Corn futures have been on a slippery slope the past two weeks amid concerns of the worsening debt crisis in Europe, potential slowing of China’s economy, large traders abandoning their stake in commodities, and bankruptcy of MF Global. Competition for export business from the Black Sea region has been fierce evident by corn exports trailing last year by 17 percent. They have ample stocks and been undercutting U.S. prices in the global market. Meanwhile, inspections last week were better than expected at 37.5 MB, a marketing year high. In other developments, large traders continue to reduce their commodity exposure as the trend following funds liquidated 90 MB of their long futures position last week reducing it to 655 MB. The longs of the index funds fell to 1.655 BB. Right now, bullish news is scarce.
March corn has fallen over 12 percent in value since peaking earlier this month at 676.25. Prices fell to 591 on Wednesday with additional support expected at the October low of 586 followed by 578. A bottom is due on November 25th or November 28th. Once a low develops, we will be in a position for a recovery to 610, 620 or 630 that may take until December 5th-8th to complete. Longer-term, the wave pattern shows the market at risk for a sell-off to 545 or 540. A more bearish pattern points to a decline to 475, possibly as low as 410. Currently, the cycles lean to an important bottom occurring December 27th or during the period of January 3rd-6th. This coincides with the timing for a seasonal low. Meanwhile, if we fall to the lower targets mentioned, prices may not bottom until February 3rd or February 7th. During December, corn futures are lower 52 percent of the time. Next week, the odds are 80 percent that March corn will be lower.
Soybeans are plagued for the same reasons as corn, as well as the outlook for a record crop in South America. Weather has been ideal in Brazil with an early-planted crop leading to a potential early harvest. In addition, concerns are rising because of the slow start in exports this season, which are running 33 percent behind last year. However, they have been brisk the past six weeks with inspections last week at 40.7 MB. China took 32.3 MB or 79 percent of the shipments. Meanwhile, the strong pace the past few weeks may come to an end as we are entering a period in which exports begin to slacken. In other developments, the trend following funds sold 105 MB of soybeans last week and are now short 30 MB. This is the first short position they have held since July 2010. Meanwhile, the longs of the index funds have fallen to 795 MB. Right now, bullish news is limited.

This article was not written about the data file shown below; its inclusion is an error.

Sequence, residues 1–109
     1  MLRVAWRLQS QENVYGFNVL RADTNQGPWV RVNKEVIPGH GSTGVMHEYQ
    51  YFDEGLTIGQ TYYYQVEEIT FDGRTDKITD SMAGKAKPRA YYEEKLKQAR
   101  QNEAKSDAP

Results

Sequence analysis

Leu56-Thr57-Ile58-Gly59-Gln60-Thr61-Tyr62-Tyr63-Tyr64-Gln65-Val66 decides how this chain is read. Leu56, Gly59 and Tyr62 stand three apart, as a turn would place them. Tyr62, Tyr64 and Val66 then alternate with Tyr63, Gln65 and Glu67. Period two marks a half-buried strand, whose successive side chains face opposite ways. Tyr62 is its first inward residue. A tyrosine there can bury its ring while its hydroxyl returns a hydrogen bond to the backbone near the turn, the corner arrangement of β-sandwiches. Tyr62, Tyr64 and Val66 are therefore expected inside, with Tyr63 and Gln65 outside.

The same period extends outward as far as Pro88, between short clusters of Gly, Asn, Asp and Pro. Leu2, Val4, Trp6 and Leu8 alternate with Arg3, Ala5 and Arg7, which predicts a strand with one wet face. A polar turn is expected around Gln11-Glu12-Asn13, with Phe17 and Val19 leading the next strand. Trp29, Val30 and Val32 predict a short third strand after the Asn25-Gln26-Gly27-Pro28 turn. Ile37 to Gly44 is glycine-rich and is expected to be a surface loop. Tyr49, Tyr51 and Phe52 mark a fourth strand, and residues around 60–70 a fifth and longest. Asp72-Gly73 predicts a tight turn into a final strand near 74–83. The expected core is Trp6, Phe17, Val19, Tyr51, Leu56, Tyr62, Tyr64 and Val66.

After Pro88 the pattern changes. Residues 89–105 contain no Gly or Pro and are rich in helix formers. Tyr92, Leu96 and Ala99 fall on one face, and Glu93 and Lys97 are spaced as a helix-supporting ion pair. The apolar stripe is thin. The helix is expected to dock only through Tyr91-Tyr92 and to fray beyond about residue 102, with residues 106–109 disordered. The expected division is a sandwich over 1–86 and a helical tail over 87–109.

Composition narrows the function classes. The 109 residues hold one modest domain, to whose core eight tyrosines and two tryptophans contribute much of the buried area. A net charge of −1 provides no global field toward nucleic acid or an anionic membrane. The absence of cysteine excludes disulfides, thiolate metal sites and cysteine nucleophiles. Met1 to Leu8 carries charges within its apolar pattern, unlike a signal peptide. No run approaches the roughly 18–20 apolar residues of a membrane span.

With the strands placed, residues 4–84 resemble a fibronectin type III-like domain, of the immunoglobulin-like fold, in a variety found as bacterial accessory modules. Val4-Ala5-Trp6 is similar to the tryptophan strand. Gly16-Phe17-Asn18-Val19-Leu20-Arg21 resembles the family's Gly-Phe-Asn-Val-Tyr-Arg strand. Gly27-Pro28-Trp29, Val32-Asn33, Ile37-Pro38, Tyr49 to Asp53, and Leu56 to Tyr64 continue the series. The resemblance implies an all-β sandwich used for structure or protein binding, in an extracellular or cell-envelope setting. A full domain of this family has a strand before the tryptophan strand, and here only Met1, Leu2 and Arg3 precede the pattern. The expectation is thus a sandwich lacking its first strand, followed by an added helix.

March soybeans have been setting lower highs and lower lows since peaking in October at 1290. The trend is down unless there is a rebound beyond 1168. Prices fell to 1130 on Wednesday, which was a long-term target mentioned in previous comments. However, the chances are that we will continue lower to the secondary targets at 1100 or 1060. Be advised a more bearish pattern, the one that actually may be developing, points to a sell-off to 980. Cycle analysis points to a low occurring on November 29th, December 14th or December 19th. However, these periods may only be an intermediate-term low. A longer-term bottom may not occur until January 19th or February 19th. During December, soybean futures are lower 57 percent of the time. Next week, the odds are 80 percent that March soybeans will be higher.
Wheat futures cannot gain traction because of intense export competition from the Black Sea region. Last weekend, Egypt bought wheat from Russia but passed on the U.S. Inspections were 11.5 MB and below the average needed to reach USDA’s projection of 975 MB. Shipments have not been over 20 MB for three weeks. If the current pace continues, they will fall to 875 MB. Meanwhile, the crop rating was unchanged at 50 percent in good-to-excellent condition and compares to 47 percent a year ago. In other developments, the trend following funds increased their short futures position 80 MB to 370 MB, while the longs of the index funds fell 20 MB to 930 MB.
It has been downhill for March wheat since it peaked earlier this month at 682. Prices fell to 588 on Wednesday where a short-term low may have developed. For it to be confirmed, follow through strength is needed after Thanksgiving. In this event, look for resistance on a rebound to 620. Longer-term, the wave pattern shows the potential for a sell-off to 535, 520 or 500. Cycle analysis points to a bottom developing on December 15th or December 20th, which coincides with the period for a seasonal low. During December, wheat futures are higher 52 percent of the time. Next week, the odds are 90 percent that March wheat will be lower.
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Comments and suggestions are provided for information purposes only. Information contained herein is obtained from sources believed to be reliable but not guaranteed to its accuracy or completeness. Readers using the information contained herein are responsible for their own actions. No presentations can be made that recommendations will be profitable or that they will not result in losses. This information is neither an offer to sell nor solicitation to buy of the commodity futures mentioned herein. The writer may be trading in the commodities mentioned.